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Little moth is no big thing

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On August 25, the California Senate Food and Agriculture Committee, chaired by Senate Majority Leader Dean Florez, held a hearing regarding the Light Brown Apple Moth, more commonly known as LBAM. A panel of eminent scientists and consumer advocacy groups provided testimony that encapsulated many of the concerns experts and citizens have regarding attempts by the California Department of Food and Agriculture (CDFA) to eradicate LBAM from California. The eradication program began with aerial spraying of pesticides over Monterey and Santa Cruz counties, scheduled sprays over several other counties, the application of a variety of pesticide products in private and community properties, and the proposed release of millions of “sterile” insects.

 

When the emergency eradication program began in 2007, it was met with staunch opposition from citizens within the spray zones. This led to a lawsuit and the Monterey Superior Court ruling that no such evidence of an emergency was provided by CDFA. The ruling also required CDFA to conduct an Environmental Impact Review (EIR), which was released early last month. The Senate hearing was in response to the EIR.

 

The panel opened with a review of the hundreds of adverse events reported by Monterey and Santa Cruz County residents after being sprayed with two different pheromone pesticides. One speaker, who along with his wife was among those sickened, gave personal testimony. Both thought they would have to leave California if the pesticide spraying was to continue. At least 450 other human adverse effects were reported. The overwhelming majority of these reports went uninvestigated, including the near death of an 11-month old Monterey child who suffered acute reactive airway disease immediately following the spray. In addition to the human effects, reports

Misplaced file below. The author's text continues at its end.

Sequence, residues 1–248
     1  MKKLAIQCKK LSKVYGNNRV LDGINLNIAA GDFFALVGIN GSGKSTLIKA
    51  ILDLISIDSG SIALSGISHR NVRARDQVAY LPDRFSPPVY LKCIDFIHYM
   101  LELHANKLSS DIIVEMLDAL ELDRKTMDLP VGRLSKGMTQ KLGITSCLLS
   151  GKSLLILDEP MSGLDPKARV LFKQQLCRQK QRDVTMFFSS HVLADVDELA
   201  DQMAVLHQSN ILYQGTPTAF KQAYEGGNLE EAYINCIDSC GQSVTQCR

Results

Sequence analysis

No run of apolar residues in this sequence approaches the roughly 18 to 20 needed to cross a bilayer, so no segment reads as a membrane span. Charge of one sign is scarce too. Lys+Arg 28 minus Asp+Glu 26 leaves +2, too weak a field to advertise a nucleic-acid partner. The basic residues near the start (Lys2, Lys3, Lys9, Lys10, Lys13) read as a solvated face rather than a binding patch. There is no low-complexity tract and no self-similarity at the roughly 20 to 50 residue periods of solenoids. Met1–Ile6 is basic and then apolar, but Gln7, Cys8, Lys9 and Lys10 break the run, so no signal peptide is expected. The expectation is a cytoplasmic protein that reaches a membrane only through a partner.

of dead wildlife, including hundreds of seabirds, land birds, bees, dogs, cats, rabbits, and goats
were recounted.

 

Two senior entomologists testified: Dr. James Carey, a professor of entomology from UC Davis and Dr. Derrell Chambers, a 44-year veteran of the U.S. Department of Agriculture (USDA) who is an expert in eradication programs. Both testified that LBAM is so widespread in California that it is virtually impossible to eradicate and that the tools being used by CDFA, according to Dr. Chambers, “have virtually no chance of succeeding.” UC Santa Cruz professor, Dr. Daniel Harder, testified he traveled to New Zealand where LBAM is endemic to study LBAM and how it is managed. After meeting with experts in agriculture and horticulture, as well as regulatory agencies, Dr. Harder concluded that LBAM is nothing more than a background food-chain insect that presents little threat to crops and is easily and cost-effectively managed in agricultural settings. Dr. Harder, a co-author of a formal petition calling for the reclassification of LBAM, asserts that 70 years of agriculture literature supports LBAM’s status as a very minor insect.

 

A Sonoma County resident, Yannick Phillips, became worried about the potential effects of LBAM on grapes, especially in that area so dense with viticulture. Ms. Phillips contacted numerous wineries, grape growers, entomologists, and agricultural associations in Australia, New Zealand, and Hawaii, where LBAM has been observed for more than 100 years. According to her testimony, the response was unanimously in support of Dr. Harder’s findings; LBAM is a minor insect of very little concern regarding any crop and is easily managed. She declared, “As long as I am a resident of Sonoma, I will not allow CDFA to come in and expose our communities to pesticides that are not needed.”

 

All of this leads to two questions; why is USDA now spending $3 million on a “Hungry Pest” ad campaign to convince California residents to  buy and use more pesticides to kill all the moths that are flitting around our porch lights? And why should a program be perpetuated that is neither needed nor has a chance of succeeding? CDFA Secretary AG Kawamura has publicly stated that LBAM will destroy California’s precious redwoods, oaks, cypresses, and “our way of life.” The opposition counters there is no precedent for such a scenario due to LBAM anywhere in the world and it is best managed in agriculture settings, not in our communities.

        California farmers are suffering from quarantines that experts say are not needed and an eradication program the experts say has no chance of success. California communities are the battleground for a pesticide war and eradication program, that like most of CDFA’s eradication programs, may last more than 25 years.

 

Formal transcripts of this hearing will be available on the California Senate Food and Agriculture  Committee website soon (californiasafefood.com).

 

 

 Roy Upton represents Citizens For Health, a national citizens’ advocacy group focusing on issues of personal choices in health care and environmental health. He is a resident of Soquel, in Santa Cruz County. Contact him via the editor, econnolly@newtimesslo.com.

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